We felt it was very important for an entity like CCTV to make its presence felt... To generate a space and to define a space, that is the main thing. ---->>>

The luxury of our position now is that we can almost assemble any team to address any issue. ---->>>

Architects work in two ways. One is to respond precisely to a client's needs or demands. Another is to look at what the client asks and reinterpret it. ---->>>

Architecture is a rare collective profession: it's always exercised by groups. There is an essential modesty, which is a complete contradiction to the notion of a star. ---->>>

I'd say that my profession ends where architectural thinking ends - architectural thinking in terms of thinking about programs and organizational structure. These abstractions play a role in many other disciplines, and those disciplines are now defining their 'architectures' as well. ---->>>

Miami Beach is a completely interesting hybrid because it is, on the one hand, a resort and, on the other hand, a real city. This condition of city and water on two sides I think is really amazing. And in the heart of that city, it has put an enormous convention center, an enormous physical presence. ---->>>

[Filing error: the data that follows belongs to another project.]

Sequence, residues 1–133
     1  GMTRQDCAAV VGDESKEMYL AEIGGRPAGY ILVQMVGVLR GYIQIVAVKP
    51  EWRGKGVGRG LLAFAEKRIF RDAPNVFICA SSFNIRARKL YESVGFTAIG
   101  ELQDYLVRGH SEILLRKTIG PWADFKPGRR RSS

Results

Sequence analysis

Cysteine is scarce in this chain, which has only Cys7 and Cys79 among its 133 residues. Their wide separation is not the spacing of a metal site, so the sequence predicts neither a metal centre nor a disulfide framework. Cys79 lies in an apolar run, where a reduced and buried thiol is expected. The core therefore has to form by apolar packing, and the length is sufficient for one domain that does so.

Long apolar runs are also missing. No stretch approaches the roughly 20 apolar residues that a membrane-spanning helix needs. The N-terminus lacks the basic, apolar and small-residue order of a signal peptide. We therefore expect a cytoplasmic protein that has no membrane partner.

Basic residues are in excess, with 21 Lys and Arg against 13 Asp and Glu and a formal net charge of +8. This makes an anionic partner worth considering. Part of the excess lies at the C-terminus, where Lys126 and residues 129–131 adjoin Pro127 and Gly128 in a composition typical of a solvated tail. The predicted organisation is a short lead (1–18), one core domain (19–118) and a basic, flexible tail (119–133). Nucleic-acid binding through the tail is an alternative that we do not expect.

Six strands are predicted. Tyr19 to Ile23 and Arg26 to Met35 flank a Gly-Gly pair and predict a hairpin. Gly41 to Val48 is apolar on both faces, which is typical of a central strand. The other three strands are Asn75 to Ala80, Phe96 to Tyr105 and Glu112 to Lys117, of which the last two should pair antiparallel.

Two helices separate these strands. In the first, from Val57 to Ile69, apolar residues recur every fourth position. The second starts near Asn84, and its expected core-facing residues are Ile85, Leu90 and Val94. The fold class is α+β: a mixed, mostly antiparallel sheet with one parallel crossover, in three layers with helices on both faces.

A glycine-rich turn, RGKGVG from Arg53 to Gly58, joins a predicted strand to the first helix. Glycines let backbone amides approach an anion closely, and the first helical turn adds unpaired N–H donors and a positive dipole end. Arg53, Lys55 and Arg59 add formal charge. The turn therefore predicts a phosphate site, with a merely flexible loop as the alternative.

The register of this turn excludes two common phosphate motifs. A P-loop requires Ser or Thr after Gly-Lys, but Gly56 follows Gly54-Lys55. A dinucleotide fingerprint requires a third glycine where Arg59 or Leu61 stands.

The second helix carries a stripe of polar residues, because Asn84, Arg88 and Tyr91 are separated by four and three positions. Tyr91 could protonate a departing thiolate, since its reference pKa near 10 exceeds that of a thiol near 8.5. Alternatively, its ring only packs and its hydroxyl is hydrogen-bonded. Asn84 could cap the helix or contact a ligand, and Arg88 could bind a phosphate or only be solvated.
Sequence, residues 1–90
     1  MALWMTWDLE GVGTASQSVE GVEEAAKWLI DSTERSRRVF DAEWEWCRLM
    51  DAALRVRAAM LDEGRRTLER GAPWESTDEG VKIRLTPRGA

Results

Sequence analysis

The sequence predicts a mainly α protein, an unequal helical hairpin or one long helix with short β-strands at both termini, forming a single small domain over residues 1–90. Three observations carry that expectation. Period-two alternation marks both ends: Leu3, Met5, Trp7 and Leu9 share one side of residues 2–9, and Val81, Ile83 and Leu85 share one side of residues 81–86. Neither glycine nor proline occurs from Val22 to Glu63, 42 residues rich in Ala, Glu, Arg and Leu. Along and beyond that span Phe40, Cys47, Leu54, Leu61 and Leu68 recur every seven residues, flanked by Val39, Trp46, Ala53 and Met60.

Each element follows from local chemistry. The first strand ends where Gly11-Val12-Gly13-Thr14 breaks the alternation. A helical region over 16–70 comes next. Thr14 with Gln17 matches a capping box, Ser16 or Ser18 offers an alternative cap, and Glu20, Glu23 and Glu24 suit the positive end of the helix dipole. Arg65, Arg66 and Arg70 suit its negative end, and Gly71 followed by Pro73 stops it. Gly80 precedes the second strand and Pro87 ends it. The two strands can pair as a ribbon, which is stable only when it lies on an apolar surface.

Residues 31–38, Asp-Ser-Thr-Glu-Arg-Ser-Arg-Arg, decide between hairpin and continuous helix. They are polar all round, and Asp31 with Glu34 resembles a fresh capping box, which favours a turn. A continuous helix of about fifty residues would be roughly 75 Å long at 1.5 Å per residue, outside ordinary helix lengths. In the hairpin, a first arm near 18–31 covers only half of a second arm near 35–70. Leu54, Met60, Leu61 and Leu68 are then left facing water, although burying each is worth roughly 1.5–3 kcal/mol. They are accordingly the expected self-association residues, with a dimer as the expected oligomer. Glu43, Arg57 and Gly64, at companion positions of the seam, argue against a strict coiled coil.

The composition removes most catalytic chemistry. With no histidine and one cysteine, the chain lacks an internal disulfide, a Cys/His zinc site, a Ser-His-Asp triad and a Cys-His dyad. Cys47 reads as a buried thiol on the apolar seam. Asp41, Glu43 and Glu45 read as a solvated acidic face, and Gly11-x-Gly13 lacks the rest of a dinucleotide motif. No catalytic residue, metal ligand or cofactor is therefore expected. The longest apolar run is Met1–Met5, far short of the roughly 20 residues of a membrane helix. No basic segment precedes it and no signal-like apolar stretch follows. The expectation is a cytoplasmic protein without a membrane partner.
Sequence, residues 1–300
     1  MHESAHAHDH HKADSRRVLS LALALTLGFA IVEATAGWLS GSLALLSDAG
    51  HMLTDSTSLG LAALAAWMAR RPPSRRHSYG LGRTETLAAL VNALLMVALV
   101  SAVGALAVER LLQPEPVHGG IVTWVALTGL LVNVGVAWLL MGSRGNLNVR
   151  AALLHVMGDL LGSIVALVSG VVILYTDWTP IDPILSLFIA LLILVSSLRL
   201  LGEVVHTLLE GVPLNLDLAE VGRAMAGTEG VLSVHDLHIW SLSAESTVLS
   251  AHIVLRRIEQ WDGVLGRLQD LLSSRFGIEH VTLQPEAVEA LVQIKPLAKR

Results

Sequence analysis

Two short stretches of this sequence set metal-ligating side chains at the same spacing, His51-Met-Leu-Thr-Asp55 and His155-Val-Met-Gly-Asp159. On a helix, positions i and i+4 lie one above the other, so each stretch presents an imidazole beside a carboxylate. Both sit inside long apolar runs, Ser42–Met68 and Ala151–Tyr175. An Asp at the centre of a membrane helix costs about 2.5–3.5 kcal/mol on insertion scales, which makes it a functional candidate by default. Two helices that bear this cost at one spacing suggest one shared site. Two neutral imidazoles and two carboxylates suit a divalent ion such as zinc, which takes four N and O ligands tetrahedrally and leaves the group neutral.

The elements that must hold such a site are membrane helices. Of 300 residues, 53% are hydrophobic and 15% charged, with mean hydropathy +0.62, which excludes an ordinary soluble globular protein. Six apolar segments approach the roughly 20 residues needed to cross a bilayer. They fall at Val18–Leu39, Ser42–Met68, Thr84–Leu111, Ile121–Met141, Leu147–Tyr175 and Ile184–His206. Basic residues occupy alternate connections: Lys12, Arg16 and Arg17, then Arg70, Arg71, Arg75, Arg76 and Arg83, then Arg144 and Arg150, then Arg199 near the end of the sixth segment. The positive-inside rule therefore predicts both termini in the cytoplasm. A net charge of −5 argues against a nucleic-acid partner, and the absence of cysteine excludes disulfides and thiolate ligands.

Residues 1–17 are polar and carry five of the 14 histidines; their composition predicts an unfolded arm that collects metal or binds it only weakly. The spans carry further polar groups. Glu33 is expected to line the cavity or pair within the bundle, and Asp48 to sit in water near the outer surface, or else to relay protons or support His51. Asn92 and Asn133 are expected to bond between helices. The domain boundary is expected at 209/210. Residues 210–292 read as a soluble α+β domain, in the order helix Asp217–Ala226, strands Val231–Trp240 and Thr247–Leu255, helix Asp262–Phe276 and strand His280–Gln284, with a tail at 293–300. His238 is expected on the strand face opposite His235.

The thing is that I have a really intense, almost compulsive need to record. But it doesn't end there, because what I record is somehow transformed into a creative thing. There is a continuity. Recording is the beginning of a conceptual production. I am somehow collapsing the two - recording and producing - into a single event. ---->>>

We say we want to create beauty, identity, quality, singularity. And yet, maybe in truth these cities that we have are desired. Maybe their very characterlessness provides the best context for living. ---->>>